Shanti Celeste's Ready to Take Over the World, One Record at a Time
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Shanti Celeste's Ready to Take Over the World, One Record at a Time

We track the progress of a star in the making from Lake District quarry raves to big rooms in Berlin.

"I get bored really easily," Shanti Celeste admits as we discuss her chameleonic ear for producing party-ready music, turning her attention to electro as adeptly as she does to blissed-out house. "I have to change it up a bit to keep creative and really enjoy what I do, because I could hit a wall and it's the music that would suffer." She is a producer blessed with the ability to make anything she turns her hand to sound like a Shanti Celeste record: melodious, sweet, and sharp.


Take "Selector" from her latest 12," the first release on her newly launched imprint Peach Discs. It's punctuated by airy pads and shimmering, almost acidic arpeggios, a light accompaniment to the brooding, low-end bassline and punchy drums that sit underneath. Over on the A-side, "Loop One" is a relaxed, breaksy number, which maintains that same deft ear for melody so evident on its counterpart.

Despite this ability to cut between various influences and styles, Celeste admits that she takes to producing some sounds more easily than others, adding that she has a "small but nifty" studio set-up owing to her "not-too-expensive" taste in synths. "I feel more comfortable working in a way that's quite naive," she says. "When I try to make something in a way that I haven't done too much before, that usually produces the best results for me because I tend not to overthink it," she continues, from a room in Chile where she's visiting family, fresh from her first tour of Australia.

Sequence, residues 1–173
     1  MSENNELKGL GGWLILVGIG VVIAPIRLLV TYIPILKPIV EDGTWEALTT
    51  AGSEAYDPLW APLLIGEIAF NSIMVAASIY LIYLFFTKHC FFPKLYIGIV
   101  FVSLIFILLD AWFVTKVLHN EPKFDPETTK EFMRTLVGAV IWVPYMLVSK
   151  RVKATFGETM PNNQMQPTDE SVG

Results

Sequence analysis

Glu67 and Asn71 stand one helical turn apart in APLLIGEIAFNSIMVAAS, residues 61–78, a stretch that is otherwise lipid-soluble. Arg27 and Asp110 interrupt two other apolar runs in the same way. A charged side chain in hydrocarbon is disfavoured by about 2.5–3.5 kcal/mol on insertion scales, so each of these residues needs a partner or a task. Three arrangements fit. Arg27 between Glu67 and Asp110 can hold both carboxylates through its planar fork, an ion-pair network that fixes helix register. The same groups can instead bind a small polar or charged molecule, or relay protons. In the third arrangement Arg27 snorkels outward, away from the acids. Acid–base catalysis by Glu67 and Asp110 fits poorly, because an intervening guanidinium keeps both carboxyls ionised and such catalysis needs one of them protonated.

Having spent so much time away in recent months with an increasingly busy touring schedule, Celeste hasn't been able to get into the studio as much as she'd like, and a relocation from Bristol to Berlin hasn't helped matters. "It's really nice to have a few weeks where you're not going away for a week at a time, so you can get into the studio and get back into it," she says. "After a long break I can feel quite rusty, and it'll take me longer to get a point where I really go for it." Itching to get back into the studio, she tells me that she's still acclimatizing to the growing demands of her touring schedule, particularly now with the additional workload of running her own label.


Her first foray into record label management came at BRSTL, the label she founded in 2011 with Idle Hands' Chris Farrell and the producer Rhythmic Theory. That label was started with the view of releasing music by people in Bristol and bringing their work to light," she says, adding that starting up Peach Discs is an opportunity for her to take full control of a project, with an idea that is entirely hers. Acting as an additional creative outlet through which to release her own music, and that of others, it also gives her a chance to indulge her artistic side in the label's visual design, drawing from paintings of her own. "They're not masterpieces by any means, but painting relaxes me and gives me a different way to be creative," she says.